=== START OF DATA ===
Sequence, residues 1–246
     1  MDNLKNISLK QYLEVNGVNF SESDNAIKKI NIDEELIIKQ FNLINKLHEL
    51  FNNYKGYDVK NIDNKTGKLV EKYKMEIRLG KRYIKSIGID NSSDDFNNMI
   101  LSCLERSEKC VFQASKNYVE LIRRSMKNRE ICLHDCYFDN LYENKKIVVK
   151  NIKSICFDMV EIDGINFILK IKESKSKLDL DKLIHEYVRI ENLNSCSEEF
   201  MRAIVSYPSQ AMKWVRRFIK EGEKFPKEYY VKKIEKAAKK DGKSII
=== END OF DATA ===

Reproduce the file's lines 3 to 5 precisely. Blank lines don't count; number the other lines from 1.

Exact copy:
    51  FNNYKGYDVK NIDNKTGKLV EKYKMEIRLG KRYIKSIGID NSSDDFNNMI
   101  LSCLERSEKC VFQASKNYVE LIRRSMKNRE ICLHDCYFDN LYENKKIVVK
   151  NIKSICFDMV EIDGINFILK IKESKSKLDL DKLIHEYVRI ENLNSCSEEF